the lowest mussel density. Mussels are primarily
attached to debris such as trunks and branches
of trees and bushes. As a result of high water in
a spring and summer and brief ﬂoods in autumn
and winter, a signiﬁcant amount of silt was settled
on the bottom and on the mussels. Those mussels,
compared to mussels from sites 1 and 2, had the
smallest SW/SL ratio. Moreover, their shells were
very fragile and easy to break oﬀ.
PATHY & MACKIE (1993), and ROSENBERG
& LUDYANSKY (1994) have reported that zebra
mussels can demonstrate considerable phenotypic
plasticity, with respect to shell morphology and
colour. This is in agreement with our results. The
animals they examined were from diﬀerent lakes
and rivers. DERMOTT & MUNAWAR (1993) who
compared the morphometry of the epilimnetic and
profundal forms of the quagga mussel, D. bugensis
in the Lake Erie, came to the same conclusions.
Our results of principal component analysis
showed that the mussels collected for this study
could be separated into two morphological groupings. We believe that these groups represent phenotypes that are best adapted to diﬀerent habitats, particularly riverine shallow (site 1) versus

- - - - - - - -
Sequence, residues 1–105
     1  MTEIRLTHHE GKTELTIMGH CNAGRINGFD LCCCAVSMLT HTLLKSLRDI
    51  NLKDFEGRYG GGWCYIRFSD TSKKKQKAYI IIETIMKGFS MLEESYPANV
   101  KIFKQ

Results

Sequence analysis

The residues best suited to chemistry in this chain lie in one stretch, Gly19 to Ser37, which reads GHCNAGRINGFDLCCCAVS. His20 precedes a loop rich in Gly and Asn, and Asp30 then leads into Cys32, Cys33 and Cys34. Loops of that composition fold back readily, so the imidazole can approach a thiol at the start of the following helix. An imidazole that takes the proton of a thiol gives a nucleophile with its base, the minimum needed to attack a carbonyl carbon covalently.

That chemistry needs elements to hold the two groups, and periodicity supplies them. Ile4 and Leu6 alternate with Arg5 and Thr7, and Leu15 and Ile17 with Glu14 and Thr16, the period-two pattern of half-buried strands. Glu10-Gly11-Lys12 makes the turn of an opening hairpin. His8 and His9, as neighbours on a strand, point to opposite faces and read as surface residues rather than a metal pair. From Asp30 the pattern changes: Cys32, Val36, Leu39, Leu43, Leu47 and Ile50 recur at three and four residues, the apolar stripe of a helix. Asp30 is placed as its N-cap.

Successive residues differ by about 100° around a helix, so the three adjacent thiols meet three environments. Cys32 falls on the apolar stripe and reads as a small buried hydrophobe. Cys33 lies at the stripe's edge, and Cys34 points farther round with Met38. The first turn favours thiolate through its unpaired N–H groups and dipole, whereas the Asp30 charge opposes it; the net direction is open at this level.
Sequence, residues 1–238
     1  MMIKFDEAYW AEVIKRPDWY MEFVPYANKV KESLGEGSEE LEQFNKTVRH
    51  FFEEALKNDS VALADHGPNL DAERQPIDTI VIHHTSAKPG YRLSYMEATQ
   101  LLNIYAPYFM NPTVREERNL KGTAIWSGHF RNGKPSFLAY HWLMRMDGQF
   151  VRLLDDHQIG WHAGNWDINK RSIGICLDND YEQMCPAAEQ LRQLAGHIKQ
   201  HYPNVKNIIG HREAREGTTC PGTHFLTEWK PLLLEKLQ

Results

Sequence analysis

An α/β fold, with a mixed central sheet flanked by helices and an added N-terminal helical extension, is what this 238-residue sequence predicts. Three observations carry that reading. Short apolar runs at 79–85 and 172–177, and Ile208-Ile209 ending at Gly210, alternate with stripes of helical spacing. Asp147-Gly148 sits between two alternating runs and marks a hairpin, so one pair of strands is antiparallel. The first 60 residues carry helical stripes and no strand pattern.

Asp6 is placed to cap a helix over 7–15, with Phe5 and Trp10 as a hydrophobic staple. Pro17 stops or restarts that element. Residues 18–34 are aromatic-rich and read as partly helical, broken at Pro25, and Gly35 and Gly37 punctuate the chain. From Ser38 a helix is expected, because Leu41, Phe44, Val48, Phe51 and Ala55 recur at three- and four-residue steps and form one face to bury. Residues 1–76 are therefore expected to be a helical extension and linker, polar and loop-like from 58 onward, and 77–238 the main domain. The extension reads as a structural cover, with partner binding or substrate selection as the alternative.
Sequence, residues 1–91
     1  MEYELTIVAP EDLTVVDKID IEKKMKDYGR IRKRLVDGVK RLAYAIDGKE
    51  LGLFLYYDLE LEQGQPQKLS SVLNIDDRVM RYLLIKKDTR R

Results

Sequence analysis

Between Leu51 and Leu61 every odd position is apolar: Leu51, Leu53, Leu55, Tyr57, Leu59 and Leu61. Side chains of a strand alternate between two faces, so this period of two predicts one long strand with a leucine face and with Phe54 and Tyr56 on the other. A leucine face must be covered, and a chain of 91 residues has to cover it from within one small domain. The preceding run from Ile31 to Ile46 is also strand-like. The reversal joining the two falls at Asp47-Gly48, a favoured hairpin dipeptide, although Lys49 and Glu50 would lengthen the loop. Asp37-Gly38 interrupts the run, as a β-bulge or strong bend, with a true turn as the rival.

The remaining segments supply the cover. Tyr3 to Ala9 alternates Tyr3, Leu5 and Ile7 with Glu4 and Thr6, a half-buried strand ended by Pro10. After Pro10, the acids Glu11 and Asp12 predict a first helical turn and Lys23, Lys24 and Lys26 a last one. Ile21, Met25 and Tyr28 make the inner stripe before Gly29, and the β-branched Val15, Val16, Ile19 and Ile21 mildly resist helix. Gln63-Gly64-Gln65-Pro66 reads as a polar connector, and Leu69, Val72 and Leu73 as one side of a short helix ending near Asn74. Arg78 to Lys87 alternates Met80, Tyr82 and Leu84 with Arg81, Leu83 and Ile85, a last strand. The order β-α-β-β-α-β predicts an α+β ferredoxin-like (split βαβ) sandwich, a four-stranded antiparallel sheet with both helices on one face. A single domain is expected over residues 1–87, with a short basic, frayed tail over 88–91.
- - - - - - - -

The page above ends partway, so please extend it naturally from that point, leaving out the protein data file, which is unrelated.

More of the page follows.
artiﬁcial lake (sites 2 and 3). Using the same type
of analysis CLAXTON et al. (1998) have reported
that D. polymorpha, in contrast to D. bugensis,
showed no shell plasticity with respect to depth or
site location within Lake Erie. This corresponds
with our results, where according to principal component analysis, both populations from two diﬀerent sites within artiﬁcial lake belong to the same
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Received September 5, 2003
Accepted November 13, 2003